OPINION: For the Sake of Mankind, End China’s Wet Food Markets. End Them Now.

China must prohibit the use of wet food markets throughout its country. It must end their use permanently and effectively, starting now. If it proves unwilling to meaningfully enforce laws against their operation, the United States and its allies throughout the world must be forceful in demanding the nation put an end to these biological threats to mankind, once and for all.

Wet food markets are a form of open-air market- perhaps roughly analogous to American farmer’s markets- where large, diverse collections of exotic animals are kept on queue for slaughter and sale.

Scientists believe that the coronavirus descends from viruses common to bats. The virus was likely to have been passed from a bat to a pangolin, adapting to its new host in a fashion that made it transmissible to humans.

Their connection to the coronavirus isn’t the first incident that’s caused the wet markets to become a target of international criticism. A Chinese wet food market is thought to be the place of origin of the 2003 outbreak of SARS, another novel viral disease. Wet food markets were banned by the Chinese government in light of that epidemic, but they’ve since been allowed to reopen, having a considerable parochial and lobbying interest with the nation’s government.

A video from Vox on the wet food market practice provides insight on the continuing wet food market practice in the country. The liberal media outlet caved to craven political correctness in light of its video’s viral impact, renaming the video from “Why new diseases keep appearing in China” to “How the wildlife trade causes pandemics.”

Experts trace the early cases of the Chinese coronavirus to a wet food market in Wuhan, China. The market was known to contain both bats and pangolins on a menu of animals offered for sale, making it an extremely plausible that the disease adapted to a form transmissible to humans there. It’s a repeat of the 2003 SARS epidemic, although we have every indication to believe the new coronavirus is every bit more lethal.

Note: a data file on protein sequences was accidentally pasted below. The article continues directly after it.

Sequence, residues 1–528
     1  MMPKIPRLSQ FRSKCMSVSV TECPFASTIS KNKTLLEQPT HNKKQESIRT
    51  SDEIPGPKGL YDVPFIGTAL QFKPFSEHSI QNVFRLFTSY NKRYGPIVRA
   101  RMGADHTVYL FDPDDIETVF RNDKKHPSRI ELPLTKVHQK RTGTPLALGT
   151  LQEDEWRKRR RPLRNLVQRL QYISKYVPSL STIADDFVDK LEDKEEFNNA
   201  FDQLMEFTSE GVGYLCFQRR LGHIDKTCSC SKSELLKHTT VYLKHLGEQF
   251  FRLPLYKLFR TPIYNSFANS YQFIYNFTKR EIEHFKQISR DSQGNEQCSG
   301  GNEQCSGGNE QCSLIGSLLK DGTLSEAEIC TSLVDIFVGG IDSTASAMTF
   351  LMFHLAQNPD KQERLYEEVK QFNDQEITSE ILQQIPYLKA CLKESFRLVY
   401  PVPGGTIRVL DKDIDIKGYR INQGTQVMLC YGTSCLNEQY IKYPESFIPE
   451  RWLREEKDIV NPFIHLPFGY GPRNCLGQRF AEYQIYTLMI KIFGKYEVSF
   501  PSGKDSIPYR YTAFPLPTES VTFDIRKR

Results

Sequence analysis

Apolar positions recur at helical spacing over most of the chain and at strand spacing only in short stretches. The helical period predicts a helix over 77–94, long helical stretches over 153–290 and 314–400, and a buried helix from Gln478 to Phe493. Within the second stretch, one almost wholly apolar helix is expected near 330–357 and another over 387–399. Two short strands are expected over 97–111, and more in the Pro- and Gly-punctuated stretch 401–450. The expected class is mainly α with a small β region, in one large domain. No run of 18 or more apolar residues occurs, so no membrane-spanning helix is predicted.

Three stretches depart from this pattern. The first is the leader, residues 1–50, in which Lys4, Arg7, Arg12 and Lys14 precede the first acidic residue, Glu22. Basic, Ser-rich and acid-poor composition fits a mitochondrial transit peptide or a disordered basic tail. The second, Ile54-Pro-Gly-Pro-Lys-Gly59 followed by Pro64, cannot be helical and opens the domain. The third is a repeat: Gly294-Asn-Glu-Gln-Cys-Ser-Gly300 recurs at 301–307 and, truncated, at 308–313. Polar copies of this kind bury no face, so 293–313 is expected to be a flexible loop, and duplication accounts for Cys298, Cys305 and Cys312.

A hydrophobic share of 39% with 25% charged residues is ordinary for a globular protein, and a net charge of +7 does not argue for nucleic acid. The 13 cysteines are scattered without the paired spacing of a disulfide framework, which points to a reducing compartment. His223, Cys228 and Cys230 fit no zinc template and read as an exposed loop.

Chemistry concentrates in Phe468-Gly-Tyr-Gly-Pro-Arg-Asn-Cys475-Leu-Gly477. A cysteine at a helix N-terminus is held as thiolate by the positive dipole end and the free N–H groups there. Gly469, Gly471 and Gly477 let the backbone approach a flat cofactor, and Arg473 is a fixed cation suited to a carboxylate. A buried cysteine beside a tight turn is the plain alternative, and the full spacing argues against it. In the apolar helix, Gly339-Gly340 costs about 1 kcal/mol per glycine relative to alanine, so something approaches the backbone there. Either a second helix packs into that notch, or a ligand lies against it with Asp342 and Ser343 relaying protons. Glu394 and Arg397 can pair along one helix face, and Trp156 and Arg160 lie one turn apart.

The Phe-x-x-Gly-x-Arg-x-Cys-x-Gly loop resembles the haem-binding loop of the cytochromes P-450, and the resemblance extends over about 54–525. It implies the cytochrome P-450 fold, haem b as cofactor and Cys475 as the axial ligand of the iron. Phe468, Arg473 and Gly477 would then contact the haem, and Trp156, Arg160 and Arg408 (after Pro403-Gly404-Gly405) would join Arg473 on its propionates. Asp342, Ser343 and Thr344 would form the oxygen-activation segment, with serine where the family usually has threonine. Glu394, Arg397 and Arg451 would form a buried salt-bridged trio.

Some early observers and commentators surmised that the virus may have escaped from a biological laboratory, having originally been developed as a weapon. The likely source for the virus’s origin may be even more alarming. A laboratory is nominally under the control of scientific experts, whereas a wet food market is an open field. Animals with differing genetic structures- ranging from bats to pangolins(which are an endangered species) enter into close contact, passing on diseases that would never encounter diverse, global members of the animal kingdom in the wild.

A biological weapon is ultimately created for human control, but a viral disease that naturally emerges from a conglomeration of diverse animals is far beyond the control of man.

An expert on the Chinese animal trade cited by Vox maintains that the wet food markets are largely opposed by the majority of Chinese people, and one would hope that the people of China would force their government to end the practice once and for all, avoiding a repeat of the comeback of wet markets after the SARS epidemic. But it’s hard to quantify the degree of support that exotic wildlife trade and wet markets have in China, considering they’ve consistently found a way to stay open, despite harming China’s image and veritably being a public health risk to the global public. There are genuine popular movements in the country that oppose animal consumption practices westerners(and people from a diverse range of societies) find repellent, such as the Yulin Dog Market.

But the case of wet markets is far more pressing than slaughtering puppies. These institutions have reliably proven to be a serious danger to mankind. We can’t risk waiting for the next viral epidemic to emerge from a wet food market that creeps back open after public attention to the coronavirus scare fades away years from now, especially considering that it could potentially prove to be even more dangerous.

China has instituted new bans on the consumption and sale of wild animals in response to the coronavirus epidemic. But the tale will tell if the nation’s authoritarian government will effectively prohibit their practice, permanently.

The United States, and concerned nations of the world, can and must use their economic and political leverage to put these wet food markets to a full and permanent end, in the light of the most serious global health epidemic since World War II.

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